For the first time in Israeli history, the country’s ceremonial president announced no candidate has been able to form a government.
Reuven Rivlin informed parliament on Thursday neither Prime Minister Benjamin Netanyahu nor his chief challenger, retired military chief Benny Gantz, have completed the task of building a coalition in the allotted timeframe.
The formal expiration of the presidential mandate kicks off the final 21-day window before new elections must be called.
Rivlin called it a “miserable political situation” and pleaded with legislators to find some form of compromise.
“These are harsh dark days in the annals of the state of Israel,” he said.
“In the coming 21 days, there will be no ‘bloc’ or ‘party’. Each and every person will sit with their conscience and will have to answer one question: What is my duty towards Israel?”
Speaking from Jerusalem, Al Jazeera’s Harry Fawcett said should the Knesset succeed in recommending someone to form a government, that person will have a further 14 days to try to form a coalition.
“It’s what one newspaper here referred to as injury time in this entire process,” Fawcett said.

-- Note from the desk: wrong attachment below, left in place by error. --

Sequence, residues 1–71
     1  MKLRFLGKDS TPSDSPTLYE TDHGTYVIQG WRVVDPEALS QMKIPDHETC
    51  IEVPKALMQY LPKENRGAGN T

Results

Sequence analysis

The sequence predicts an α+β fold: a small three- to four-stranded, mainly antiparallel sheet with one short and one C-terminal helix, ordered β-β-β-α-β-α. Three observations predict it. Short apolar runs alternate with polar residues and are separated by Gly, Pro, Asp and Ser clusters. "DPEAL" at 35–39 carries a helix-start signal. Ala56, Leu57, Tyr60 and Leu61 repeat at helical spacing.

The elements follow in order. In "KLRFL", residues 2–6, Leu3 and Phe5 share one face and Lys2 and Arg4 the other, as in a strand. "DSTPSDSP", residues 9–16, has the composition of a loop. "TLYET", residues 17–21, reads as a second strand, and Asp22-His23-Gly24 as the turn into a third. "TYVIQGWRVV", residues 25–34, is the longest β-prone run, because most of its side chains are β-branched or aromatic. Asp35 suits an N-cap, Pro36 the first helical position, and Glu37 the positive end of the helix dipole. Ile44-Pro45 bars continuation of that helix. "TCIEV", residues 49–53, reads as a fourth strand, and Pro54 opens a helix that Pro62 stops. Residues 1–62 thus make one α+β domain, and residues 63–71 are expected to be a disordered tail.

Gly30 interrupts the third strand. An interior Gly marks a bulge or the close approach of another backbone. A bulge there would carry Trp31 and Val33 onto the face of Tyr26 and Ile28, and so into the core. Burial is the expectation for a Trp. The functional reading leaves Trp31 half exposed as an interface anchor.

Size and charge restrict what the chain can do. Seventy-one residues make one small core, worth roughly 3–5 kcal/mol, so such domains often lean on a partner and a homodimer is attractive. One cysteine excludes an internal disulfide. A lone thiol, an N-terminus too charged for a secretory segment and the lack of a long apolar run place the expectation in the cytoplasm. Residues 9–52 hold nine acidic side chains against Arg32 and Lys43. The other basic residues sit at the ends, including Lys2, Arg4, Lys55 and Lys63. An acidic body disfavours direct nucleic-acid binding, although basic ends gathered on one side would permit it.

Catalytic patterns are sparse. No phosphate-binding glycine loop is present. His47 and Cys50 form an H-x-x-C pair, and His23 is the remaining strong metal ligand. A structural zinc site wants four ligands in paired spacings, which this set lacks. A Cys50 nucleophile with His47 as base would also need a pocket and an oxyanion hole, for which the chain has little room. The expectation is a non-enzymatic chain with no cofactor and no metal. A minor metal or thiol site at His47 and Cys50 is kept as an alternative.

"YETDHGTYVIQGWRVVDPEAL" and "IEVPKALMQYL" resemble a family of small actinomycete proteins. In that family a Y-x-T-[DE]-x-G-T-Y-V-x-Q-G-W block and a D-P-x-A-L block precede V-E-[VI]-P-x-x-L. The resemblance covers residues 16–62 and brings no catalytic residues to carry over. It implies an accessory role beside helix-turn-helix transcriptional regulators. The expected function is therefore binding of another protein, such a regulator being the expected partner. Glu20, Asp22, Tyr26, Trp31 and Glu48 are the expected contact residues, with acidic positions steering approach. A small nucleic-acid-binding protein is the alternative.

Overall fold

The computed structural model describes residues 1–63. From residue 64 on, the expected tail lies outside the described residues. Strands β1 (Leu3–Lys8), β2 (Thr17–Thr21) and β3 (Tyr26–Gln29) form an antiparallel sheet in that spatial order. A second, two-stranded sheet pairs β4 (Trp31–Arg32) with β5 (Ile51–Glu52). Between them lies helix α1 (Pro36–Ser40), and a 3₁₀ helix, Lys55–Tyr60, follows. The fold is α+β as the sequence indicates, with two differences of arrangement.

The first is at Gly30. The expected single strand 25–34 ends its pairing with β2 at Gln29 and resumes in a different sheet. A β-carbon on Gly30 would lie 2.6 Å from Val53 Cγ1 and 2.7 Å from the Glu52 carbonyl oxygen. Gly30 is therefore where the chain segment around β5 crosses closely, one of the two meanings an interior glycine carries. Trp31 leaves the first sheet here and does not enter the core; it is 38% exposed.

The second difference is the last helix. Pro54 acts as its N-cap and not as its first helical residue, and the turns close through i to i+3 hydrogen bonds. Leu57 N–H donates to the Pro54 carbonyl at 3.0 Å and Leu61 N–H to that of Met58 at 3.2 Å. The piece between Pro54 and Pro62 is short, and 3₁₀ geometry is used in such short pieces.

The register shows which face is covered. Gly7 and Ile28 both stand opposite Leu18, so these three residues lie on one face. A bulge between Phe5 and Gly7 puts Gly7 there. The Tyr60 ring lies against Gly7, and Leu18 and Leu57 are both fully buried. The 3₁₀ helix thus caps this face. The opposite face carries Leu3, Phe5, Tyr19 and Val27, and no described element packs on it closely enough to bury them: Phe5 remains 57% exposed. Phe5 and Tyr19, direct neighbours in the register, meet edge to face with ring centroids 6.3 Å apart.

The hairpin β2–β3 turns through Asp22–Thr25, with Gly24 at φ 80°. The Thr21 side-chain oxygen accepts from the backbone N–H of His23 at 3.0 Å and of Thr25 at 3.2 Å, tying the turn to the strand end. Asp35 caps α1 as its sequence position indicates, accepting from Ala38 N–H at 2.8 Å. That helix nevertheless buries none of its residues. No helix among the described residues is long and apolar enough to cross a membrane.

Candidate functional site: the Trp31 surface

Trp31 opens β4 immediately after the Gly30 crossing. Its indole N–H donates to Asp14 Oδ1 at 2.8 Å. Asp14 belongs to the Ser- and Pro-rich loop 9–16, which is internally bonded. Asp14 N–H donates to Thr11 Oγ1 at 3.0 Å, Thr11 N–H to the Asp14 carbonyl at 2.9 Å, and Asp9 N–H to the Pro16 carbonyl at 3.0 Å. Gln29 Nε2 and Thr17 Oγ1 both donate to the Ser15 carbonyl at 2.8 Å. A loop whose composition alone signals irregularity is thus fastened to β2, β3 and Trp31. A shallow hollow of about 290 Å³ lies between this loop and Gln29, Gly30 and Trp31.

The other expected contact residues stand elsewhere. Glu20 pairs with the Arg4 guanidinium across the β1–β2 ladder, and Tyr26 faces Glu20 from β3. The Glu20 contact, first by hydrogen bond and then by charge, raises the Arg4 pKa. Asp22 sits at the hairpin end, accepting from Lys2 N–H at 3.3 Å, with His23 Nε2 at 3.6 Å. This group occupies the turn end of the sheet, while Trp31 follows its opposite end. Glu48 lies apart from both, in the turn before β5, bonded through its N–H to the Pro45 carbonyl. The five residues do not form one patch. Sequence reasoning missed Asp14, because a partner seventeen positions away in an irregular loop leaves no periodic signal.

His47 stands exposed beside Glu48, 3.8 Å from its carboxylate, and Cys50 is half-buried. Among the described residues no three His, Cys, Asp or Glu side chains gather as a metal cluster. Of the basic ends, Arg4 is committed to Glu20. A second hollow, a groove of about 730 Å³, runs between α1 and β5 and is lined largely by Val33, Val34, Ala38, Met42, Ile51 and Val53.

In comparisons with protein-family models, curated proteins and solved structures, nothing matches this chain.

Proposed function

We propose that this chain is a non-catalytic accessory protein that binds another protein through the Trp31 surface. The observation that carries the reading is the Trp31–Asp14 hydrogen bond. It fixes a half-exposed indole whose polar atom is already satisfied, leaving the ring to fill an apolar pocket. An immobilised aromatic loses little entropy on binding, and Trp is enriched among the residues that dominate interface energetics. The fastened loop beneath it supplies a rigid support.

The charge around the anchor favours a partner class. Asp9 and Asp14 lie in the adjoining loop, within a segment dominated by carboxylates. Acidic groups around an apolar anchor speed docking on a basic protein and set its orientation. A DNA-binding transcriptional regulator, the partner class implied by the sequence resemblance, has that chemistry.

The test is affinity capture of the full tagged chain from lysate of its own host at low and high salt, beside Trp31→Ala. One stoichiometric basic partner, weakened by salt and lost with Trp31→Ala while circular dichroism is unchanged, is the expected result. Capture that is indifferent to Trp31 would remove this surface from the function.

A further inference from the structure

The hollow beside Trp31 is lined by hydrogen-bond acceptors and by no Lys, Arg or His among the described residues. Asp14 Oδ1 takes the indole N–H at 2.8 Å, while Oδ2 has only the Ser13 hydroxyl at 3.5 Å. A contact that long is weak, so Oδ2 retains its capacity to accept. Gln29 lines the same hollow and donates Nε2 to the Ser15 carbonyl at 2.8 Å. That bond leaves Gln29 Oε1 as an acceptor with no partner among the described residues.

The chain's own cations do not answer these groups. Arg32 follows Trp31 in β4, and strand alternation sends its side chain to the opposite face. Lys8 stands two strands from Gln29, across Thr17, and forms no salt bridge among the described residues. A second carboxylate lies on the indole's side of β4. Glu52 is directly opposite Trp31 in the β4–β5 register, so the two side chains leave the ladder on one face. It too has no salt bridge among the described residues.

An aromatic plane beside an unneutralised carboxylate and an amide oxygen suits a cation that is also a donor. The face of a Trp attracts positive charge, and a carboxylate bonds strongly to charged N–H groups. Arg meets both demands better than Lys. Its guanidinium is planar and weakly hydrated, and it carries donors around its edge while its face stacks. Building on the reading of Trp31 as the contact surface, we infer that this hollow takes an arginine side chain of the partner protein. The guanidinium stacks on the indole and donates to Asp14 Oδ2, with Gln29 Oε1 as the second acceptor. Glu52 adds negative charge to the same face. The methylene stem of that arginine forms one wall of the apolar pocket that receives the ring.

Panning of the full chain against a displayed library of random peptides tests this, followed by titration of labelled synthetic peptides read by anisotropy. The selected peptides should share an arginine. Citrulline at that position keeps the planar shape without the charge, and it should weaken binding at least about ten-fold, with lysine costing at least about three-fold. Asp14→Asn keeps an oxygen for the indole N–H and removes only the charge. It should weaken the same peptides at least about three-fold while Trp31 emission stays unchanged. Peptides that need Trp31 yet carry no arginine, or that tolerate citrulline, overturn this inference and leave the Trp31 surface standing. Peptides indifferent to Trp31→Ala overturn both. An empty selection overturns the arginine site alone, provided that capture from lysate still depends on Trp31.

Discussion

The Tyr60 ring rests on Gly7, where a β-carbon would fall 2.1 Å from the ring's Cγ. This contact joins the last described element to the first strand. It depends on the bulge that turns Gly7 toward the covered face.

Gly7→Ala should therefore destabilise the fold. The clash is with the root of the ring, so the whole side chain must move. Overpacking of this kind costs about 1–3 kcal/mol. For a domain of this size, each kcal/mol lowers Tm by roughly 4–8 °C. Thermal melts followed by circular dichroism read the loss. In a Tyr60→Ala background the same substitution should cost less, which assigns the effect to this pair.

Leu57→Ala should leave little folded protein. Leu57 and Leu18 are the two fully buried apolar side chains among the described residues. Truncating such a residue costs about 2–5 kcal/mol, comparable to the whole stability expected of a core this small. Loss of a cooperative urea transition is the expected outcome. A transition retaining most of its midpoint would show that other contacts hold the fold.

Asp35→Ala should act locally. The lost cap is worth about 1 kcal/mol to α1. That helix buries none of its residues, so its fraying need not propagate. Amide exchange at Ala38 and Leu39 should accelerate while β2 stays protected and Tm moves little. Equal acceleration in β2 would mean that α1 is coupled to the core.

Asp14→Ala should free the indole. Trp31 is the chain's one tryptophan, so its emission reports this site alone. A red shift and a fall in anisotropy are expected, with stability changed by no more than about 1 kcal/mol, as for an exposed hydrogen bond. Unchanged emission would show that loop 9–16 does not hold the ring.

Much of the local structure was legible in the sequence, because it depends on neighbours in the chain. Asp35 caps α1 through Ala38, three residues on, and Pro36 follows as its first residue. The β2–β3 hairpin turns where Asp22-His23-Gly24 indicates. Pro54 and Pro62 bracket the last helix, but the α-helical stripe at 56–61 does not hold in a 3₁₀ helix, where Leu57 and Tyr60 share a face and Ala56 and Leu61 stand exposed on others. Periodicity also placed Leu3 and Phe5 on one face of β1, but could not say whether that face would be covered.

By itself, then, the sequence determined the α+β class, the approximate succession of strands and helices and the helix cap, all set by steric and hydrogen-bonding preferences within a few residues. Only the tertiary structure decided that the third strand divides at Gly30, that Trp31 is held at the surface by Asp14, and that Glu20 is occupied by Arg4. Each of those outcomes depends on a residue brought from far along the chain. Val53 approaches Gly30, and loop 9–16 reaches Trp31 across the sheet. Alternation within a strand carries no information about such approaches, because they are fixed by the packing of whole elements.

Netanyahu, Gantz, or any other sitting legislator can hypothetically present the backing of a majority of parliament’s 120 members in the coming weeks.
But given the prolonged stalemate and unsuccessful mediation efforts, it increasingly appears the country is headed towards an unprecedented third election in less than a year.
Fawcett said a third election is “extremely unpopular” among the Israeli public, but there has been little pressure to convince Netanyahu to go second in a rotating premiership with Gantz.
“Gantz has also said he can’t serve under a prime minister facing indictment,” Fawcett said, referring to possible indictments that Netanyahu faces from three corruption cases.
Israel’s Attorney-General Avichai Mandelblit said he would announce his decision on whether to indict Netanyahu over alleged corruption at a news conference at 7:30pm (17:30 GMT).
Netanyahu, Israel‘s longest-serving leader, has denied any wrongdoing in the three corruption cases, saying he is a victim of a political witch-hunt.
He could face up to 10 years in prison if convicted of bribery and a maximum three-year term for fraud and breach of trust.
Within Netanyahu’s right-wing Likud party there were stirrings of internal dissent, with two of its 32 legislators saying they would now favour a leadership contest.
One prospect is Gideon Saar, Netanyahu’s rival, who a few weeks ago said he was ready for a leadership challenge.
“Today, he says he wants to see a leadership contest if there is going to be a third election,” Fawcett said.
Many citizens voiced resignation and rancour at a deadlock that has deepened worries over economic and national security matters.
“We’ve had enough of you! Let us know when you make a decision,” read the top headline on the mass-circulation Israel Hayom, alongside pictures of Netanyahu and Gantz, as well as Avigdor Lieberman – a far-right political kingmaker.